BY JESSIE SPANGLER
It’s pretty obvious to anyone who knows me that I love journalism. I may complain here and there, but deep down, I always love it. Coming to Drake in 2015 to begin my journey toward a journalism career was exciting and also nerve-wracking at the same time. I had this feeling of being on a roller coaster, the exhilaration combined with a weird sense of fear, the inevitable rushing towards you as you tip up and down toward a blurry future.
There was a sense of finality about it, too. By declaring a news major, it felt as though I had a solid plan, at least for the next couple of years. It was also a relief, because for a while before that I was planning on being a veterinarian, and being a journalism major meant way less math.
The plan, ever since I decided to come to Drake, was to work on the Times-Delphic. At first, it was a way to get experience and a way to meet new people. Now, as a junior and Editor-in-Chief, I realize the Times-Delphic is way more than a learning experience.
The Times-Delphic isn’t just important to us journalism students, but it’s important to the whole student body. Without it, who would be reporting on what’s going on with administration and faculty? Who would be reporting on important things happening on campus every week?
The TD is an independent newspaper. Our funding comes from student activity fees, not funds raised by the University. Yes: you, as a student, are paying for the TD already, along with all of the other amazing, student-run publications that are produced every year.
All college newspapers should be independent of their university, because no money from the university basically means the university can’t control anything we do. It means freedom.
The administration should expect to be criticized. They should expect to hear from students, whether it be an opinion article in the paper, an email or a post on social media. They need to be held accountable. College administrators hold more power than you might realize, especially at private universities. If you think there are no problems in college administrations, think again.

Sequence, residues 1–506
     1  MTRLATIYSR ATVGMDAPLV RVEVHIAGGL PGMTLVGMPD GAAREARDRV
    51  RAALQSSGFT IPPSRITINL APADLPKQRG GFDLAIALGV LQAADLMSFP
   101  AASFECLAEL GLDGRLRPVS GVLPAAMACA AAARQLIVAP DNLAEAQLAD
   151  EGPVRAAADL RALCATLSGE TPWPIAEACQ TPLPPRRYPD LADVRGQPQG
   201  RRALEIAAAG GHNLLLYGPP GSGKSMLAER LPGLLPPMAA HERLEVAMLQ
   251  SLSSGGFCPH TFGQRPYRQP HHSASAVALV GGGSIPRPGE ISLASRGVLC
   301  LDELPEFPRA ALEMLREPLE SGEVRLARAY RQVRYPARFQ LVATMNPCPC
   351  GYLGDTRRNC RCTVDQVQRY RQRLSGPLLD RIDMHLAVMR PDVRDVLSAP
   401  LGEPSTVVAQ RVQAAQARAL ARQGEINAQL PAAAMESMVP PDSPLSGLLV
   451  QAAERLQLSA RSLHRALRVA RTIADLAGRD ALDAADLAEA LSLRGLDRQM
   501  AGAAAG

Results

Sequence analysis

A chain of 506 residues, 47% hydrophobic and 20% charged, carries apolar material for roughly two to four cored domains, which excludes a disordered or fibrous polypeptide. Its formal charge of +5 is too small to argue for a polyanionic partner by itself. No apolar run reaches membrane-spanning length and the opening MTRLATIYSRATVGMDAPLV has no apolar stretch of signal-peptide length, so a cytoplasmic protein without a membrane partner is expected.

First off, for universities, it’s all about money. Students, as I’m sure we all know, pay ridiculous amounts of money every year for a college education. The reputation plays a huge part in raking in tuition dollars from students, and universities, including Drake, try extremely hard to keep a squeaky clean reputation. Which, of course, makes sense. No one wants a bad reputation, but it’s also important for students to keep in mind that higher education is big-business disguised as non-profits.
But there’s an issue when the administration doesn’t realize there’s a problem on their own campus, when students are scared to speak up or put a name next to their opinion article, when students make an anonymous Twitter account because that’s the only way they feel like Drake administrators will pay attention to them.
Your students are telling you something, administrators. You need to show them that you are listening.
We need an independent press to address issues like these and to provide a dialogue. The TD will continue to take a hard look into the administration’s actions by reporting and will continue to use our opinions section as a platform for student voices, regardless of whether the administration likes it or not.
The higher ups at Drake need to stop ignoring the concerns of students, and should take a hard, long look at why students may feel the need to voice their concerns about Drake’s administration. It’s not a productive use of my or any of my other staff members’ time to talk to us about an opinion you didn’t agree with, especially one that wasn’t written by any staff members.
There are many important matters the administration needs to deal with but have been acting agonizingly slow on. For example, the lack of diversity on this campus. It’s time to hire more diverse professors and make Drake less of an elitist school. Offer more scholarships for students to make Drake more affordable. Don’t hike up housing fees when you’re closing a residence hall, or keep a residence hall that desperately needs to be torn down and replaced (Ross is a lawsuit waiting to happen, honestly).
Provide more counselors on campus, because last time I checked, we only have four, which is definitely not enough for a few thousand students. There are so many things Drake could begin to address. Even something as simple as extending the Drake bus hours on weekdays.
The First Amendment and transparency are exceedingly important to good journalists, and I came to Drake to learn how to be a good journalist. To not only be faced with oppression from the administration, but to be scolded by the president of this university about an opinion piece that students wrote about something they’re concerned about, and to be told that in his three years at Drake, he never had to have a meeting like that with TD leadership … that must mean we’re doing something right.